Thursday, August 25, 2011

Instead of Reading Fiction, Obama Should Be Educating Himself on Economics

I guess I missed this story yesterday in the NY Times which talked about a couple of plans the Obama administration has to "strengthen the housing market."  The two main proposals the administration is considering are:

1.  Make it easier for homeowners to refinance at today's low rates.
2.  Possibly convert the large swathes of empty foreclosed houses into rental properties, the idea being that there will be less pricing pressure in real estate markets due to less supply.

Both ideas show exactly how oblivious the Obama administration is in terms of economics as both will have major negative effects downstream and will be unlikely to actually stimulate anything.  On the refinancing, the only people unable to refinance their home right now are the bad credit risks and those underwater, or close to it, in their mortgage.  Since even with a government program, those that are underwater will probably still not be able to get refinanced (who is going to underwrite a 30 year mortgage for $300,000 on a house worth $250,000?) you are left helping those with bad credit.  And even with those, there  will have to be some minimum level of income in order for them to refinance so you are left helping just a small swath of the population, which will do nothing for housing prices or the economy in general.  But what it will do is spook mortgage bond investors who will view any program like this as an additional risk they are taking.  For mortgage bond investors, refinanced mortgages are a bad thing as they limit the amount of money they collect from the mortgages they invested in.  By changing the risk-return dynamics of the bonds, the government will, in effect, lower the value of these bonds which will hurt all those banks we just bailed out a couple of years ago as they are still loaded to the gills in mortgage debt.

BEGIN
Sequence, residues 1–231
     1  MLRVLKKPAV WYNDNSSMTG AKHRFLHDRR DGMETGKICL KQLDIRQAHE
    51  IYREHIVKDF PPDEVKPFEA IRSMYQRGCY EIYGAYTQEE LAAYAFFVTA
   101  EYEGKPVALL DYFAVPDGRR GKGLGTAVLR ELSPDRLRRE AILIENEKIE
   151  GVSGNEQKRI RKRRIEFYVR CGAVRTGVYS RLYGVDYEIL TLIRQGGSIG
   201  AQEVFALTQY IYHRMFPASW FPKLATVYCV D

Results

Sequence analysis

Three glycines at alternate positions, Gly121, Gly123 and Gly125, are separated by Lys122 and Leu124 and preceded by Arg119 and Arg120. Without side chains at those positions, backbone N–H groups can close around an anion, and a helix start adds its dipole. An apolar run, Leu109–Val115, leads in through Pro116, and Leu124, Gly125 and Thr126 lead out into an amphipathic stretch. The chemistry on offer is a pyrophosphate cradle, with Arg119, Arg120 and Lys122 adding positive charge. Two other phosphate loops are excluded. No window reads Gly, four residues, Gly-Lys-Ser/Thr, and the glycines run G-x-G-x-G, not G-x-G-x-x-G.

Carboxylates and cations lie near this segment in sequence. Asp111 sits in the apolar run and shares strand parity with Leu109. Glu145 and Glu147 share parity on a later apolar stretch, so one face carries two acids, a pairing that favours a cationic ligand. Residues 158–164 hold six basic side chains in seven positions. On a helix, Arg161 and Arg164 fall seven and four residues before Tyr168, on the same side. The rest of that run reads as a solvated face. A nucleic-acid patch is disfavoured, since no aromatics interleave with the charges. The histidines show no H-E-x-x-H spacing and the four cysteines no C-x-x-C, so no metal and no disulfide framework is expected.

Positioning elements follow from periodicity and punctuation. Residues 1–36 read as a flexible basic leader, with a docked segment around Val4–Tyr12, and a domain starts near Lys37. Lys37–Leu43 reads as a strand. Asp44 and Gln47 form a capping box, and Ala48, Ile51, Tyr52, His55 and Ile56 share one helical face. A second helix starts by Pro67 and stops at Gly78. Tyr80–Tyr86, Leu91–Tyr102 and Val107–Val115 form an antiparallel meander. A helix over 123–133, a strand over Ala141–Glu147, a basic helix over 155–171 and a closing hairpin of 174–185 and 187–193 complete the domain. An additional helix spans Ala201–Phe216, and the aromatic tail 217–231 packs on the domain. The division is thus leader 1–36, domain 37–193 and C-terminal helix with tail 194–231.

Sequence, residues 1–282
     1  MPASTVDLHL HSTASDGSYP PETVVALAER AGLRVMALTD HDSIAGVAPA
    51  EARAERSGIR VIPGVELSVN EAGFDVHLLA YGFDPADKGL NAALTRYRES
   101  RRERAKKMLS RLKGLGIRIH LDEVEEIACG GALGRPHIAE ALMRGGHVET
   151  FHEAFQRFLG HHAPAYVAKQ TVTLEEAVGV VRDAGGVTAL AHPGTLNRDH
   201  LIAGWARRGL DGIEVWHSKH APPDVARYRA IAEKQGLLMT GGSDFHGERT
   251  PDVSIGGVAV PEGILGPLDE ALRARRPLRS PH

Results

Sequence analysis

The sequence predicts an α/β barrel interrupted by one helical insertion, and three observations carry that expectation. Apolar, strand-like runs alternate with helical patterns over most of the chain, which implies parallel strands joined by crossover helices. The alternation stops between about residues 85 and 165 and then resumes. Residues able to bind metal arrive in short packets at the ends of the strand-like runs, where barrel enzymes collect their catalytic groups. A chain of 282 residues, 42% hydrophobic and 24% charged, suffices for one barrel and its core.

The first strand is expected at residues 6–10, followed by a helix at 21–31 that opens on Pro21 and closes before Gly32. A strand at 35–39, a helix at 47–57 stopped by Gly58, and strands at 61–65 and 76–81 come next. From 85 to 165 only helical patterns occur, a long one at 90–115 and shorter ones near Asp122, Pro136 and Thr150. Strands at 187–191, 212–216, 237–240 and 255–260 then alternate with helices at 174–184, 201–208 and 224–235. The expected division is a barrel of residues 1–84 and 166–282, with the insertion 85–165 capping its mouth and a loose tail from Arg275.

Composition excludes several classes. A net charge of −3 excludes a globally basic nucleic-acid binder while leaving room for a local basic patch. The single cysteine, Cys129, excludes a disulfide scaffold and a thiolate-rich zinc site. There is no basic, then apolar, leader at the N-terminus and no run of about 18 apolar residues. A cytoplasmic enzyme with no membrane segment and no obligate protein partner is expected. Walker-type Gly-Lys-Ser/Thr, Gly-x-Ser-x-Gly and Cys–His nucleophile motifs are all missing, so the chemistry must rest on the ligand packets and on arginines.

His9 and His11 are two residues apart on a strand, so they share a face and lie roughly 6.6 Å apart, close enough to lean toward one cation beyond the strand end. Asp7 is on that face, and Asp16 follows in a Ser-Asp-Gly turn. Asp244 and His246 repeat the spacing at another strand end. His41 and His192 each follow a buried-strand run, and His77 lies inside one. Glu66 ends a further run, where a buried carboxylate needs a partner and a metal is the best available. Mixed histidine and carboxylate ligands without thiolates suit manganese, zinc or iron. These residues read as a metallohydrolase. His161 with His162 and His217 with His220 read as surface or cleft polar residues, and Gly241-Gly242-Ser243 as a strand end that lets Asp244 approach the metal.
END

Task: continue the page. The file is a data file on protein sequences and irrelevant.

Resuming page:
The other possible proposal is equally braindead.  Yes, taking foreclosed properties off the market will take off some immediate selling pressure.  However, putting these homes on the rental market will lower rents across the board, which will negatively impact the residential market negatively in two ways.  First, those deciding whether to rent or own will more likely decide to rent, which will take some of the buying pressure off the market.  Second, those that buy homes in order to rent them out will have less of a return on their investment, so they might decide either not to invest at all or will be willing to pay a lot less.  Basically, by reducing supply, this plan would also reduce demand.  As even a Keynesian can figure out, much of the benefits of this program will therefore be canceled out by the unintended by very predictable consequences.

Essentially, both proposals are worthless.  Yes, on the margin a few people might be able to refinance and a few might be able to get a little more for their home but due to the downstream consequences the benefit to the economy will be meager at best and detrimental at worst.

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